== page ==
Since CPD conferences and seminars on the Land Registration etc (Scotland) Act 2012 started in earnest a couple of years ago, two recurring themes that have arisen from the audience as their main areas of difficulty have been the one-shot rule and how to avoid rejections, and how to comply most efficiently with the statutory duty of care without having to raise fees.
A land reform consultation now current in relation to the proposed new register of controlling interests in land will be directly relevant to these issues, as well as raising further potential questions for solicitors. This article gives an overview of the consultation and how the new register could affect conveyancing and land registration.
Section 39 of the Land Reform (Scotland) Act 2016 allows ministers to make regulations to provide for the disclosure and publication of information on controlling interests in landowners and tenants. The related consultation is available online at bit.ly/LandReformConsultation2016
There are some general questions about whether a new register should be created or whether the information should just form part of the Land Register; whether the register should be public; and what anti-avoidance measures can be introduced.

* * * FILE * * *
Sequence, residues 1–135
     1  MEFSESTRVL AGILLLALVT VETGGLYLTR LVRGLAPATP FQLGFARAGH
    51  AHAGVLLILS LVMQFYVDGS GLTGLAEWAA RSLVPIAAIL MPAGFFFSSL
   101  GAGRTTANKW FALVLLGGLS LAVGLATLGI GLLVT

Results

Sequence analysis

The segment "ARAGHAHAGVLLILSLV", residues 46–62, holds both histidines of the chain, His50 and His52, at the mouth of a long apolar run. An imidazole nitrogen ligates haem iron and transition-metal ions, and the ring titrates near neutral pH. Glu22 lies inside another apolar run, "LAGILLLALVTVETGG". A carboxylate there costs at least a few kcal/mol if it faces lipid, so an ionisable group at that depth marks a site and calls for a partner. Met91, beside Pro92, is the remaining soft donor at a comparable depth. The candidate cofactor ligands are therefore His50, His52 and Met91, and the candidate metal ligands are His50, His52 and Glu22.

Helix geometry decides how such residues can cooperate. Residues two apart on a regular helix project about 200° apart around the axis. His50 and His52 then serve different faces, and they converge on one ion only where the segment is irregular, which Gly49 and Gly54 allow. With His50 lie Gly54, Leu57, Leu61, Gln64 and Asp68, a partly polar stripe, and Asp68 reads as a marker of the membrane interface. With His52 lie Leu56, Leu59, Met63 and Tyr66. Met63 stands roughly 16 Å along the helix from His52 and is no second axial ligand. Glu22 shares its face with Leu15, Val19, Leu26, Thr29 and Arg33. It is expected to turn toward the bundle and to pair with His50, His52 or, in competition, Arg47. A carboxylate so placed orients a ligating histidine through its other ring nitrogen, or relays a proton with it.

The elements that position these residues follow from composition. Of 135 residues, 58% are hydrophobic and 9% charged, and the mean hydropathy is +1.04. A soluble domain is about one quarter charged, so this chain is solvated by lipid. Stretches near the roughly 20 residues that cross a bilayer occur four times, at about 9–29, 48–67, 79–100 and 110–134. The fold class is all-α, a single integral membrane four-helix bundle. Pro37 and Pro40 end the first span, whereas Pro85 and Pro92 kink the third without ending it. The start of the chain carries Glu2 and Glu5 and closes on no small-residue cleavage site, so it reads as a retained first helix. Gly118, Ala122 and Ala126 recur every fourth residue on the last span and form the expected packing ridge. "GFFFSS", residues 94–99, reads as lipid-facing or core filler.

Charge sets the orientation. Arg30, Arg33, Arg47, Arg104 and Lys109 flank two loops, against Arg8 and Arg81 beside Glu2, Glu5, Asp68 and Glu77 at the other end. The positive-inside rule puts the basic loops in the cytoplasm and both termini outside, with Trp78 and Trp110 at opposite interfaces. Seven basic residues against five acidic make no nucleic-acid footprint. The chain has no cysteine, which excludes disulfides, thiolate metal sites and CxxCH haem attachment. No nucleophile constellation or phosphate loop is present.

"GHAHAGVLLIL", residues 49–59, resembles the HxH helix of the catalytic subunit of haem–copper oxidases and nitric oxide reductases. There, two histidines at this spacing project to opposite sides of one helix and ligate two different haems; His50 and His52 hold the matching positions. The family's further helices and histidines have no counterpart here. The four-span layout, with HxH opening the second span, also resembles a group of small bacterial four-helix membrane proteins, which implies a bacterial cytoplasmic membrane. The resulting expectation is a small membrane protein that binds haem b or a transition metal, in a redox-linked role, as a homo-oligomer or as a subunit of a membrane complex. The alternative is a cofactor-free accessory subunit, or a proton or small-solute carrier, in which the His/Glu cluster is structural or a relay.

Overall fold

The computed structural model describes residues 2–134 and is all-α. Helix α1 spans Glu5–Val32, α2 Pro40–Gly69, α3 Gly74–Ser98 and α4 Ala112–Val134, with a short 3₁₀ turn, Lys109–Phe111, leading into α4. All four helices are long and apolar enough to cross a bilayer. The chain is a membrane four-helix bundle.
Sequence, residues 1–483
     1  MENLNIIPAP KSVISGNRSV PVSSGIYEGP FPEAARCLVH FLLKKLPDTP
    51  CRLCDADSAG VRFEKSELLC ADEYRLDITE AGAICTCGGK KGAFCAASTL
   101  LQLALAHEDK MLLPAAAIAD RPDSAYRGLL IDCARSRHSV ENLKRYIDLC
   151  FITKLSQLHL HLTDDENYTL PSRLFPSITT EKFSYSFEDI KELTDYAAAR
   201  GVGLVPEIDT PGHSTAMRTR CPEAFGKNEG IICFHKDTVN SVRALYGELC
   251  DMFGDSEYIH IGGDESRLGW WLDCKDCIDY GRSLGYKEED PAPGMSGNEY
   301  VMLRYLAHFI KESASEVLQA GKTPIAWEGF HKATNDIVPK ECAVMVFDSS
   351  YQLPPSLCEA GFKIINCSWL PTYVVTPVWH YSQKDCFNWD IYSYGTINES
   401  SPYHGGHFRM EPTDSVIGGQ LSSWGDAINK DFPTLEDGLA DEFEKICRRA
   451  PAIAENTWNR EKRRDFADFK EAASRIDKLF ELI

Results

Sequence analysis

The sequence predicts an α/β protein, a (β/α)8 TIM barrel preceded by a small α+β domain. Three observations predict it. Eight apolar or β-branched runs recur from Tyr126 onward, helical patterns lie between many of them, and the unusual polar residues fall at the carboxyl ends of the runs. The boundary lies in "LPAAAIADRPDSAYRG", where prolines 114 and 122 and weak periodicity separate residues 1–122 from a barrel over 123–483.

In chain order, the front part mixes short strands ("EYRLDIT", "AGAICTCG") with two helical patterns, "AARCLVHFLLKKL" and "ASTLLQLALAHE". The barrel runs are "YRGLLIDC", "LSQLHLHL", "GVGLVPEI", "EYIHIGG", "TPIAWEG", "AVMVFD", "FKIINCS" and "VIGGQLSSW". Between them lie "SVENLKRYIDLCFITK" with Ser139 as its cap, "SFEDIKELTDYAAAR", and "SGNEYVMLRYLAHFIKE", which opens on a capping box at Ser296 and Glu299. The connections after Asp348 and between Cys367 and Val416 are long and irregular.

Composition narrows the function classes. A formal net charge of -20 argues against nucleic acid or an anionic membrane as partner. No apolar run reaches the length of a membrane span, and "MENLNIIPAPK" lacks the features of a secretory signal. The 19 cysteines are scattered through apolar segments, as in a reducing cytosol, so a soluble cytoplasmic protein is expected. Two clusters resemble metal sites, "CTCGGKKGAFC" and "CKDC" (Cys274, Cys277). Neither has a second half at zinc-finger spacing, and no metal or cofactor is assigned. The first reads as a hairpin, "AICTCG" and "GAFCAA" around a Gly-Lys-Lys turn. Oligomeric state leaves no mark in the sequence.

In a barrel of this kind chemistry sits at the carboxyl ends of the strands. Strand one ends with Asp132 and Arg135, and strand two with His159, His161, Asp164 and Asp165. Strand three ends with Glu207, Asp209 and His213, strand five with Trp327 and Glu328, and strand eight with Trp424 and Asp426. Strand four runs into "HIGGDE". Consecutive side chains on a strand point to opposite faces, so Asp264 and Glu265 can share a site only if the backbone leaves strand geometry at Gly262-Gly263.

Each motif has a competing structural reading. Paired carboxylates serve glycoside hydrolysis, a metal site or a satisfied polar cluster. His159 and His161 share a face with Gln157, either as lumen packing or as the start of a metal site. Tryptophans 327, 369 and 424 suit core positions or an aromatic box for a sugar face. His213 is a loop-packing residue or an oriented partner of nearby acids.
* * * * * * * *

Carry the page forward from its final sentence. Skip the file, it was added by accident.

One of the main reasons behind the new register is transparency, so as to allow communities and others to know more about who controls land in Scotland. To some extent that is nothing new, as real rights generally require some kind of publicity to become real, whether by registration or open prescriptive use.
Transparency in the sense of the new register goes further, because it is not just a question of identifying owners and tenants, but also any parties influencing them. Increased information about land is also one of the drivers behind ScotLIS and recent changes to information that companies must provide to Companies House (see below). The key point for conveyancers is that more information than is currently checked for property transactions may be needed in future – more even than anti-money laundering checks would require.
The consultation says that it is desirable to keep the regulations proportionate and not unduly onerous, and queries whether the nature and extent of a person’s controlling interest could be commercially sensitive; whether there should be exemptions; potential impacts on privacy and the environment; whether respondents foresee any potential costs and burdens arising; and any impact on regulation for any sector.
If the legal profession believes that advising clients on, or identifying and preparing, information for the new register would impact on clients’ legal costs or solicitors’ written-off costs, this is the opportunity to make that known.
Triggers for registration
What land should be subject to the new requirements? “Land” will probably be the same as for the Land Register. So, it would cover not just land previously registrable under the 1979 Act, but also the seabed that can now be registered.